As efforts to clamp down on ISIS continue following the terror attacks in Paris, the U.S. Department of Homeland Security is maintaining an elevated state of alert, which means there is a significant risk of a terror attack somewhere in America.


While ISIS has targeted Washington D.C. and New York City in its recent propaganda videos, there has been no specific threat made against New Jersey.

Meanwhile, law enforcement officials are ramping up security this week as Thanksgiving marks the beginning of the holiday season.

“We don’t go down and up with the seasons. We’re always at that constant state of vigilance, but the holiday season makes it an easier target because more people are together, more people are out at certain locations, and it may be something that’s just more visible for somebody who would want to commit a larger scale attack,” said Richard Frankel, special agent in charge of the FBI's Newark Division.

Officials said in the past they have seen evidence of terror groups targeting certain holidays.

“We have seen groups in the past try to prioritize targeting specific holidays or events, but we’ve also seen groups simply wait for the moment when they have capability,” said Nicholas Rasmussen, director of the National Counterterrorism Center in Washington D.C.

Rasmussen said while the holidays do pose certain national security challenges, counterterrorism departments are on alert every day of the year.

“It is a period of heightened vigilance because we watch for signs that terrorists or even lone wolf actors are looking to exploit those opportunities, but again we are at a pretty high state of tempo and readiness around the clock,” Rasmussen said.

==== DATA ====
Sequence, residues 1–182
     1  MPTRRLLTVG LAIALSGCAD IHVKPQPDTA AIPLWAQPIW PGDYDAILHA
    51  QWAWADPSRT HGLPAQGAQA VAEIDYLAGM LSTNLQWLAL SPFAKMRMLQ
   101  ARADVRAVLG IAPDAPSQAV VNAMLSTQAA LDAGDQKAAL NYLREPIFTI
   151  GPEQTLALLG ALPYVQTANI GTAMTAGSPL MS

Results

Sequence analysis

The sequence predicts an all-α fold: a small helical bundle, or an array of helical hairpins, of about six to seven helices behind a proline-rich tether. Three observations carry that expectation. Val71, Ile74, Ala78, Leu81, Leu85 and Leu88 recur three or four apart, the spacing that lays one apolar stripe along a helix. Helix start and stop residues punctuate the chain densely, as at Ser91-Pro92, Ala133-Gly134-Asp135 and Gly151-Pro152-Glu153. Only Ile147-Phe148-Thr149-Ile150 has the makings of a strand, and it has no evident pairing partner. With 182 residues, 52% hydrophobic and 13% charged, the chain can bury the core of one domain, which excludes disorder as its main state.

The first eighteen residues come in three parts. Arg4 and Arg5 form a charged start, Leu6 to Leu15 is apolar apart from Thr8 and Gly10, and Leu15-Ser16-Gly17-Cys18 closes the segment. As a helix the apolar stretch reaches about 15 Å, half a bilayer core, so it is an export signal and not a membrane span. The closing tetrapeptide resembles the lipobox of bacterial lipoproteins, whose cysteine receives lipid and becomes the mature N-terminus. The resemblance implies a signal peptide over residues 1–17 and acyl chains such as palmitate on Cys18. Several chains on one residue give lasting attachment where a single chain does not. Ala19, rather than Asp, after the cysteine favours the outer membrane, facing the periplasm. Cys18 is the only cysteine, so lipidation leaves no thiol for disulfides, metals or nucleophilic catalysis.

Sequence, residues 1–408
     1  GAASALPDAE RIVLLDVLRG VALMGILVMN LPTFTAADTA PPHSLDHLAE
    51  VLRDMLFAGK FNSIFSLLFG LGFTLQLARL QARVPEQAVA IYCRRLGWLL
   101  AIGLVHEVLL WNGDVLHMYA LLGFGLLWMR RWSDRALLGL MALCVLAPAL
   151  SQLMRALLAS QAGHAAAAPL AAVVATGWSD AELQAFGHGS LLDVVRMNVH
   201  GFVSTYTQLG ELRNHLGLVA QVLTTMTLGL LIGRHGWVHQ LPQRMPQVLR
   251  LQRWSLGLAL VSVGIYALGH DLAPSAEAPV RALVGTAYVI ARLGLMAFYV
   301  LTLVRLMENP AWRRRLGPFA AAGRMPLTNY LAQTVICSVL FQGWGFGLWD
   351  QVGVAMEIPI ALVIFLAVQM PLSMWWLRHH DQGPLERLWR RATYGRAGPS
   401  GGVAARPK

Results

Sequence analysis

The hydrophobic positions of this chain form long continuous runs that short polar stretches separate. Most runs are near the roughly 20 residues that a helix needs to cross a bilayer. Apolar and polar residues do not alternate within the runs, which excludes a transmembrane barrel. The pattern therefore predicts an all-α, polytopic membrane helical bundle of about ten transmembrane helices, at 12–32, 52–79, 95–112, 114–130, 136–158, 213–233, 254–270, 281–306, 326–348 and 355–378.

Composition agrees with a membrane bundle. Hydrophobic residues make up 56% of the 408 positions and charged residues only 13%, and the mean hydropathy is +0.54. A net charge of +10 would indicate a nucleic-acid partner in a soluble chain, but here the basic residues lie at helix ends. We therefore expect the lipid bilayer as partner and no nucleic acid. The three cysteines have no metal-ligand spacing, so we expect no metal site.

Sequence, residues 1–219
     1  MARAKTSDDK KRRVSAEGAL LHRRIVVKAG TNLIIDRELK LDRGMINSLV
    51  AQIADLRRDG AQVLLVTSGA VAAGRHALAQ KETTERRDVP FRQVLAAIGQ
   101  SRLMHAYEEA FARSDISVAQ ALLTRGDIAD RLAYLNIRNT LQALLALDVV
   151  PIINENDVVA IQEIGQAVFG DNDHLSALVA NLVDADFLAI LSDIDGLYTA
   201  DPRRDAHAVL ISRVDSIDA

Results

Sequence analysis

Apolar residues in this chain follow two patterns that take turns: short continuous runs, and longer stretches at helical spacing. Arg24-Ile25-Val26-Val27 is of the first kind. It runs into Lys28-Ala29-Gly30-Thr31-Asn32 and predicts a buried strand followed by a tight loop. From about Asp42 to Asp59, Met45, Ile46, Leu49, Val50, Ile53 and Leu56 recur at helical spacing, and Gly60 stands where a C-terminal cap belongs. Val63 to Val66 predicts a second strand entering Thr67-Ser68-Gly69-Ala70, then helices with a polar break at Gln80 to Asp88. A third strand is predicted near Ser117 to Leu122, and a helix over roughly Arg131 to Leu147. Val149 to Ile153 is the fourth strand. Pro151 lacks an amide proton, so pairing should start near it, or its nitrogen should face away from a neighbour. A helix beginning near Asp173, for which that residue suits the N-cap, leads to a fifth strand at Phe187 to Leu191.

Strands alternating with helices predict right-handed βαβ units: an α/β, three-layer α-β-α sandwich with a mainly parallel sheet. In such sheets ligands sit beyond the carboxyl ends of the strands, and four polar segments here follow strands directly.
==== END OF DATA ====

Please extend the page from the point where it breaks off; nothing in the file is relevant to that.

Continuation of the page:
U.S. Attorney for the District of New Jersey Paul Fishman said the bottom line is simple.

“Our goal is to keep people safe, and not just the people who would be harmed by a terrorist act, but to keep safe the people who would otherwise not perpetrate an act," Fishman said. "We’re hoping that by expanding the conversation and including all communities in dialogue, we can help to make everyone safer.”

One of the platforms counterterrorism officials keeps their eyes on is social media. Rasmussen said ISIS has proven itself to be very skilled at using social media to engage with people to propagate their message.

So how can authorities combat that?

"One option is to try to prevent them from doing that, but that’s difficult. How do you keep people offline? How you prevent people from engaging in online activity is nearly impossible given the free flow of information globally, but what we can do is look to propagate counter-narratives," Rasmussen said.

To do that, it involves getting people who have different views to make those views known.

“Encourage people who have alternate views, who have competing views, to be equally aggressive in putting forth their narrative and so that it becomes a competition, a marketplace of ideas,” Rasmussen said. “It’s our view in the marketplace of ideas the narrative put forth by extremist organizations is still overwhelmingly not resonating with the masses. Most people hear this narrative and reject it, but in order for people to reject it we need people putting out counter-narratives. Most ideas put forth by extremist organizations do not find a home in healthy communities.”